See more from this Session: General Soil Biology & Biochemistry: II
Wednesday, October 19, 2011
Henry Gonzalez Convention Center, Hall C, Street Level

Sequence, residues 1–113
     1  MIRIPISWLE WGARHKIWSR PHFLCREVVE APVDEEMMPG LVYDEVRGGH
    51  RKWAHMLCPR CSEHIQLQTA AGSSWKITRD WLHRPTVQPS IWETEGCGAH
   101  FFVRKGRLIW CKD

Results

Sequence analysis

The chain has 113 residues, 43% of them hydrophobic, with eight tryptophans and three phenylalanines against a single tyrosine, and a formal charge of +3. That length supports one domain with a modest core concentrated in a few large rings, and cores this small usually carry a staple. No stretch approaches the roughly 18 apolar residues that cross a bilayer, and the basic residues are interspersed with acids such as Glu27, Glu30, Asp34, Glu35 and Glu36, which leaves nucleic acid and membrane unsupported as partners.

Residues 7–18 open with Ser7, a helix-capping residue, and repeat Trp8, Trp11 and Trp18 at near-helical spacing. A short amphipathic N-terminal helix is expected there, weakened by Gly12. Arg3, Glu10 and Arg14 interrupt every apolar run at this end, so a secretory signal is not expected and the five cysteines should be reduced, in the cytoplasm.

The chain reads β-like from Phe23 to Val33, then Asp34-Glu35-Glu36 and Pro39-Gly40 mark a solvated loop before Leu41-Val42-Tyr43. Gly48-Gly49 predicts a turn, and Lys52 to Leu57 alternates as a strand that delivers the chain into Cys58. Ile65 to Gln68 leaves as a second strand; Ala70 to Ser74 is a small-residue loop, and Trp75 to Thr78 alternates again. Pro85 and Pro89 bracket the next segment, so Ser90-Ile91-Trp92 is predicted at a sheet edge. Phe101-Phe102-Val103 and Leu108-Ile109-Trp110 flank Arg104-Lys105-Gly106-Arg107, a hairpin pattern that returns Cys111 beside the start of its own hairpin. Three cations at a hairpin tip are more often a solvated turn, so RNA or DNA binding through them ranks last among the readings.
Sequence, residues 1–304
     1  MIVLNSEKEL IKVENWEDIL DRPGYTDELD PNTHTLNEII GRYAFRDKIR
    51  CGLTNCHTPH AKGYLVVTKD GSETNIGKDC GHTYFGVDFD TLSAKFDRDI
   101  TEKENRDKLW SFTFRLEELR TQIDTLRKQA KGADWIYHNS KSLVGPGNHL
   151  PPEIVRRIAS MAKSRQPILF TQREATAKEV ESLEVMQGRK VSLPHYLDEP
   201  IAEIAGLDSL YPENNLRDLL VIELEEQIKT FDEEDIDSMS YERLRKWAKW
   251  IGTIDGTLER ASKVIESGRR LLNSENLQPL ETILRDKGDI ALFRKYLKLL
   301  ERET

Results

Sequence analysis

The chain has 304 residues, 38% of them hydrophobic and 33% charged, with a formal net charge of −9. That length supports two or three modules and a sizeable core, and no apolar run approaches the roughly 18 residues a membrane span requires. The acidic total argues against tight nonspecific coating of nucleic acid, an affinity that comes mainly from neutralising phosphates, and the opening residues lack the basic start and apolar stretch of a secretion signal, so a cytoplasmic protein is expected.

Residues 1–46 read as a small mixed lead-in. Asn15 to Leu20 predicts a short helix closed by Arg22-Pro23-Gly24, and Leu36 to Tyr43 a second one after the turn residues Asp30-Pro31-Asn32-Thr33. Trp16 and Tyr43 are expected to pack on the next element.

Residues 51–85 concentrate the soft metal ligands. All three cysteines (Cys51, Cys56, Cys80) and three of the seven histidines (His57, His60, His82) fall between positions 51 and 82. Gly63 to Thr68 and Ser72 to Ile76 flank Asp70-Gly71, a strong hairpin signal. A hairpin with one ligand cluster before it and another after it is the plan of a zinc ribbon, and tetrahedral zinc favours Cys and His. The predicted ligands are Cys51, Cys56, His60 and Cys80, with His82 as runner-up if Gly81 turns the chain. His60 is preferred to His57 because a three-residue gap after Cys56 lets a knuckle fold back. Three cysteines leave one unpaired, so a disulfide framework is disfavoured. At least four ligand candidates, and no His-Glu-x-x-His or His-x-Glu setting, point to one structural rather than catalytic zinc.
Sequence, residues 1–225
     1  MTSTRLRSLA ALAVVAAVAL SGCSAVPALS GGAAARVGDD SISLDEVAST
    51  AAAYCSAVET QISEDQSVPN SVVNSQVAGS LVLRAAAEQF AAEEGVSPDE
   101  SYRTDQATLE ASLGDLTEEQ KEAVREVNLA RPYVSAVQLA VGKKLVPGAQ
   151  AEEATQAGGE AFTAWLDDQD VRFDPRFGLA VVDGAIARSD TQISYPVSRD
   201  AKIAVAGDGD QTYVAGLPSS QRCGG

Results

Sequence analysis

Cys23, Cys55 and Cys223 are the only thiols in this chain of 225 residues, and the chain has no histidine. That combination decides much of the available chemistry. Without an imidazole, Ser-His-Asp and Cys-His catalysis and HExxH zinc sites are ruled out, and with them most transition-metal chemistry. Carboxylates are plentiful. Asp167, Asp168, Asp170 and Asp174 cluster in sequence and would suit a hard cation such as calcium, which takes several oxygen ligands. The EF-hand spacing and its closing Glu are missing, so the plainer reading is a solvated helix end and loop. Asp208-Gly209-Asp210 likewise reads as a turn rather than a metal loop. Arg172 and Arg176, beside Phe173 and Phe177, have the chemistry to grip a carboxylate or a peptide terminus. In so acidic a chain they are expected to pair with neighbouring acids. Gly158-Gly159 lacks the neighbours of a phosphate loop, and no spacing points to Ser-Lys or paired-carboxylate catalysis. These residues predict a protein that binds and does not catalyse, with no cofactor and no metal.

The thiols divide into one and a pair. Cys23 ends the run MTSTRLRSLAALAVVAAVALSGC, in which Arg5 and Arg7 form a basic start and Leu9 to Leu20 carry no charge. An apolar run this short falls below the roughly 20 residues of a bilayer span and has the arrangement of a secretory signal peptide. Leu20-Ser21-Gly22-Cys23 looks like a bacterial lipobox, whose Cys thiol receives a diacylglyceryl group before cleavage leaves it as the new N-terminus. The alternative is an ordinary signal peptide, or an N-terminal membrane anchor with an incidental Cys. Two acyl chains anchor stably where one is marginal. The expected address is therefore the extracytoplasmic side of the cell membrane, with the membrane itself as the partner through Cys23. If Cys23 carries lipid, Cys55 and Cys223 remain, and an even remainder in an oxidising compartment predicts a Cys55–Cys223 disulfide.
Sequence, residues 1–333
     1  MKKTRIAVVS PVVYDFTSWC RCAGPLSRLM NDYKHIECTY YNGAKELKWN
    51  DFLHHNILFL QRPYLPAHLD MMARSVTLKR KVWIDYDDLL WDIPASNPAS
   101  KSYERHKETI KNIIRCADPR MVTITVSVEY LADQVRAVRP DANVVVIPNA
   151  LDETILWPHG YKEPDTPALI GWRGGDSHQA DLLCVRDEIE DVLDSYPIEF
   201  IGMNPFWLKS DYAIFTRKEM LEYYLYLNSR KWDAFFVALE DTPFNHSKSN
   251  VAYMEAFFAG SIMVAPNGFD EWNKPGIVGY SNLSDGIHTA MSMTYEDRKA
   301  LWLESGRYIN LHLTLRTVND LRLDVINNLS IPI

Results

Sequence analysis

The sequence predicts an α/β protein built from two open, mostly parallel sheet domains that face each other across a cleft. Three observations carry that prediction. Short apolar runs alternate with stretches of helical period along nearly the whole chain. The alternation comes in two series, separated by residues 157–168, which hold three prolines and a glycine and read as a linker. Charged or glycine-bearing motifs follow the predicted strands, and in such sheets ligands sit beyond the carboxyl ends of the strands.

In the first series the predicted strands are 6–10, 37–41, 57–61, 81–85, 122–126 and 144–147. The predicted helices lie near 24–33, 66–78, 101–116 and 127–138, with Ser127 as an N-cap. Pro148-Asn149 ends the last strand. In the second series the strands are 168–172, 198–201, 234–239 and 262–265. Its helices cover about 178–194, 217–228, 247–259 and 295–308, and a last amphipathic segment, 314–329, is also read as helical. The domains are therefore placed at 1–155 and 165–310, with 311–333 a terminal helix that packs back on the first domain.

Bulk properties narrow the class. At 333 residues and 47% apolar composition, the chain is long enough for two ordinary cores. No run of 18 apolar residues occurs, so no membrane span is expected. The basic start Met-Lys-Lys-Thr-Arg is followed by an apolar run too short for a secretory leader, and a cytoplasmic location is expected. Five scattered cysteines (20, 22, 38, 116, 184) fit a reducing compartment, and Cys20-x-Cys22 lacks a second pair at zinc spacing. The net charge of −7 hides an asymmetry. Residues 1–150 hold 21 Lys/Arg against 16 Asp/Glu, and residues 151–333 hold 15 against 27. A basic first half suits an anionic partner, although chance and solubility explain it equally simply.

Arbuscular mycorrhizal (AM) fungi improve the uptake of phosphate from soil through symbiotic associations with plant roots. The introduction of winter crops has been shown to increase nutrient uptake and yield of subsequent crops, and may result from increased AM fungal biomass in the soil. However, there is little information regarding the effects of different winter crops on AM fungal communities in soil. The present study evaluated the impact of various winter crops on AM fungal species composition in the soils. A three years field experiment was conducted at Nihon University in Kanagawa, Japan. Replicated plots of winter sown wheat, spring sown wheat, canola and fallow were established in 2007, and wheat, red clover, canola and fallow were established in 2008 and 2009. Before the winter crop, soybean as summer crop was sown in all plots. The AM fungal species composition in soils was determined using nested PCR and partial LSU rDNA primers and was characterized by each clone library of partial LSU rDNA sequencing. By RDA (Redundancy analysis), the winter crops did not have any effects on the AM fungal communities in the soils in 2007 and 2008. Moreover, there was not significant difference between the AM fungal species composition in each soil by a Monte Carlo 999 permutations test. However, the winter crops have a strong effect on the AM fungal communities in the soils in 2009. In addition, there was significant difference between the AM fungal species composition in each soil by a Monte Carlo 999 permutations test. Thus, continuous rotation of winter and summer crop has the potential to change the species composition of AM fungal communities in soil.